Tuesday, April 3, 2012

EVE Online, the MMO for programmers?

So EVE Online has been in the news again lately. Scandal, cyber-bullying, banhammer wielding, resignation from the CSM, all manner of general angst.

But even before that, it has been more prominently on my radar for a couple of months now due to increased activity amongst the bloggers I read. SynCaine had been writing a fair bit about his corporation’s activities, and Wilhelm Arcturus, the Ancient Gaming Noob, has entertained with lively accounts of nullsec warfare going down.

I’ve played EVE. I played the free trial roughly four years ago, created an account and played for a month. Reactivated about a year later and played another month. But that’s it – the actual gameplay never grabbed me enough to keep me subscribed and playing.

Also there seems to be a bit of a vicious circle: to really appreciate EVE, I’m told, you need to be in an active corporation doing interesting things. To be in an active corporation requires quite a level of commitment. And I’m not prepared to make that level of commitment to a game that I’m not yet really appreciating.

But anyway, with the game being on my mind, I thought it might be worth another look. I didn’t reactivate my account, I thought I’d just quickly create a new trial account, jump on that, and refresh my memory about how the game played.

And that led me to check out an aspect of EVE that I had a vague awareness of previously, but no more: the scope for tool development using the EVE API.

Now this is really quite neat, the sort of thing to really catch the attention of a programmer who might be up for some hobbyist coding. You can download an EVE data dump in the form of an SQL Server database backup from here. There’s all the information you could want on the game’s star systems, items, all sorts of stuff. And then there’s the API documented here which allows you to retrieve specific info on your characters, etc.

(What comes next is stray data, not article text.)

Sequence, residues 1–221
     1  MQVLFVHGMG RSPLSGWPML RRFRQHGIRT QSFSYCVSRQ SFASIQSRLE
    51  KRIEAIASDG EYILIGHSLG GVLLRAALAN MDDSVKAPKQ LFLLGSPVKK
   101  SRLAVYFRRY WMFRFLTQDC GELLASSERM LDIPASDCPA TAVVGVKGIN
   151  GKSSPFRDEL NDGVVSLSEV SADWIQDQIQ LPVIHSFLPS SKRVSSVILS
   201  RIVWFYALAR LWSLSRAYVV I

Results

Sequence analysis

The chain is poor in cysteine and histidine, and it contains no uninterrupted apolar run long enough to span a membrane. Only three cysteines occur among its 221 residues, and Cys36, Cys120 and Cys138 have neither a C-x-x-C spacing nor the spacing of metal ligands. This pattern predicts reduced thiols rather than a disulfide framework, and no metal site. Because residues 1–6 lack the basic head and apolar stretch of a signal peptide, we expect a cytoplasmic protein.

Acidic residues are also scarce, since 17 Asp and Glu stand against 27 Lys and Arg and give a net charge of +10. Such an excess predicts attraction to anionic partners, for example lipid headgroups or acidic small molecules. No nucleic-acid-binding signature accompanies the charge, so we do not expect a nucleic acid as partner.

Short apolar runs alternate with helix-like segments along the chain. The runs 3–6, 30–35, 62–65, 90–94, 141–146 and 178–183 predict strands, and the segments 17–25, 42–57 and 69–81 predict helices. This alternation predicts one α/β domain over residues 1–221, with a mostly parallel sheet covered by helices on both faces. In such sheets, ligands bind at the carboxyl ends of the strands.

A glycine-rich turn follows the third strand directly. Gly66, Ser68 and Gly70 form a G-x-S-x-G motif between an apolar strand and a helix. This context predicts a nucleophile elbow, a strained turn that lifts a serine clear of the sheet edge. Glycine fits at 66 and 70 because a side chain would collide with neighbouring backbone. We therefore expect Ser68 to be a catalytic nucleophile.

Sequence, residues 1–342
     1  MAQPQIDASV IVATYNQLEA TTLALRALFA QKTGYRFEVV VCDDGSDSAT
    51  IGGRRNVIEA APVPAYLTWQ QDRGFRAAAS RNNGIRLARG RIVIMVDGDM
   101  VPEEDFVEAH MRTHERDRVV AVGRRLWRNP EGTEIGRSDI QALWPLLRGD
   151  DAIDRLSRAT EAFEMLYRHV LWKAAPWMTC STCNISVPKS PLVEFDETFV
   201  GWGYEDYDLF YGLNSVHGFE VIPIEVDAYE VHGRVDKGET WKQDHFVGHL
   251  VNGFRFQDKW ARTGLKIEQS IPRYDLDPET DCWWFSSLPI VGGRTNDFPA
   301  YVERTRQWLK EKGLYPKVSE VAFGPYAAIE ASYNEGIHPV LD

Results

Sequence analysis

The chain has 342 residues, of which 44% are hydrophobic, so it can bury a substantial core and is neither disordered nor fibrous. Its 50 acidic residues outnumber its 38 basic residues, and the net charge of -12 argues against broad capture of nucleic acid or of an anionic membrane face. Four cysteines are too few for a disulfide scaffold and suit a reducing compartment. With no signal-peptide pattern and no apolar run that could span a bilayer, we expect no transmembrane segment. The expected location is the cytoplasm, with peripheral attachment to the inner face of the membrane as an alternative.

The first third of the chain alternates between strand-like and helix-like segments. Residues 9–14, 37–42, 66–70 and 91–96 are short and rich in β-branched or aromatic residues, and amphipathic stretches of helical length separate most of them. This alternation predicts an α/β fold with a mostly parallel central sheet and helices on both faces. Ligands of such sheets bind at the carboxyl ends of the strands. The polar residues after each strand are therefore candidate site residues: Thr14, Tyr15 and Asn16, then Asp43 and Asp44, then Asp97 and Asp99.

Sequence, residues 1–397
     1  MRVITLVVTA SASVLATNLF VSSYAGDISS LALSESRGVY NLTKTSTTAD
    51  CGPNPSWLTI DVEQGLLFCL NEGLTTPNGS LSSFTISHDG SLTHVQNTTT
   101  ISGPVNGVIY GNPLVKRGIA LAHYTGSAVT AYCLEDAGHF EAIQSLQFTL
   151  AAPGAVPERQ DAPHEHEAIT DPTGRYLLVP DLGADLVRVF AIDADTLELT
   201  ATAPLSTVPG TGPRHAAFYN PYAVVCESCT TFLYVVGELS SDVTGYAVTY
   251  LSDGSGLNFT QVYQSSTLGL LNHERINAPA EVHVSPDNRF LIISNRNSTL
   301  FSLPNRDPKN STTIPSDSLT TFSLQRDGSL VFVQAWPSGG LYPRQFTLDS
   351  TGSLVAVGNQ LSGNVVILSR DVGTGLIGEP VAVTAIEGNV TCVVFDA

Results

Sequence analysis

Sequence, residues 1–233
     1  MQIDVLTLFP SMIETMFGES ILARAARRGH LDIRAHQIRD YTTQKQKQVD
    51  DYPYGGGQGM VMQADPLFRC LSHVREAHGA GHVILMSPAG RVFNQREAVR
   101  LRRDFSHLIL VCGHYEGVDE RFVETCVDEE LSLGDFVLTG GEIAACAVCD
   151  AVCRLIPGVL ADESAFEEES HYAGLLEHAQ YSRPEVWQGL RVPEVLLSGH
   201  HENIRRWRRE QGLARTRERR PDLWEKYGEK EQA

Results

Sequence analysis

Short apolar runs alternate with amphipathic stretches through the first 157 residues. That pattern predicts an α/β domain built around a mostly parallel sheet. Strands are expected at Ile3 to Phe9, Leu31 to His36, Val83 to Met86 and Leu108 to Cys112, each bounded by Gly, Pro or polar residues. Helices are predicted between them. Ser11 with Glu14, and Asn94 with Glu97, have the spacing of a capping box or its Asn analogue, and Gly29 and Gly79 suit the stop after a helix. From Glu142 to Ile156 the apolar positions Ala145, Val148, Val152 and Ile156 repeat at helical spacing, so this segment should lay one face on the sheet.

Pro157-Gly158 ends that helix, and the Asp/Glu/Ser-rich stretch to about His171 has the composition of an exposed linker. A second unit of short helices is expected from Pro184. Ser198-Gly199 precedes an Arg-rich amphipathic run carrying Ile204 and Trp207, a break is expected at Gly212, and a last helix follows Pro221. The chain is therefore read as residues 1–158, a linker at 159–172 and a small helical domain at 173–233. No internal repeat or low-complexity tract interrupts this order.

There are many wonderful tools which make use of this data and API, such as EVEMon and the EVE Fitting Tool.

What I’ve done is write some code which takes the tables of star systems and jumpgates from the EVE data dump and figures out routes from one system to another, limited to high-sec systems. What I’d like to do next is combine that with some market data, which I can either save to a file from the game, or pick up a feed from EVE-Central’s API, which is itself fed by volunteers saving data from the game. Then, I’m hoping I can generate some trading opportunities.

Another possible step is spotting reprocessing opportunities. The EVE data dump, combined with my character’s skills (obtained from the EVE API), can be used to calculate what minerals I can reprocess a given item into. So I should be able to spot bargain items that I can buy, reprocess, and sell the minerals.

I have to say, cutting this code strikes me as being potentially more fun than orbiting a rat and plinking it with a railgun!


  1. I think you'd find wormhole space interesting. Do the exploration tutorial and see if you can get scanning down. If you can then train the astrometrics skills to 3-4 and ask for a wormhole corp that will take in newbies.

    I think it is a combination of interesting activities with much lower social pressure than in null. Also people tend to be pretty interesting to play with.

    1. Actually scanning was the thing I most got into last time I was playing, I really enjoyed the minigame of triangulating signals.

      I got into shenanigans by going through a wormhole and then having it close behind me. Eventually scanned my way out - into nullsec. Exciting times trying to get home, and then finally on the last gate that was going to take me out of nullsec, I hit a bubble and got smashed. My one PvP death: http://eve.battleclinic.com/killboard/killmail.php?id=6280112

  2. Hehe I know the felling. A year or 2 ago I tried to write my own bot for EVE. I don't do much programming, but trying and learning in Autohotkey was one of the most fun things I did at that time. I don't like mining so I maybe only made 5 mill ISK with my own bot.

    Later I got into industry in EVE and that was where things got interesting for me again. I made billions, money I never thought I could make before doing missions. Is also the time where I had to learn to spreadsheet. And I like it. No real commitment. I play when I have time and when I want to.

    I play many other PvP games that make me rage and are team oriented, but in EVE I can just relax and watch the numbers and graphs on my Display.

  3. The trouble I have with EVE is there really isn't much room in it for independent players and things take too long to achieve for little reward unless you happen to enjoy repetitive grinding while waiting a few weeks to do a few extra damage points. It's a fantastic MMO but there really isn't anything spurring you to develop when you're not in a corporation, and when you are you need to be focused in one area to get anywhere.

    Like the author I've fallen into the pattern of reactivating my account for a month every 6 or so and then forgetting about it again.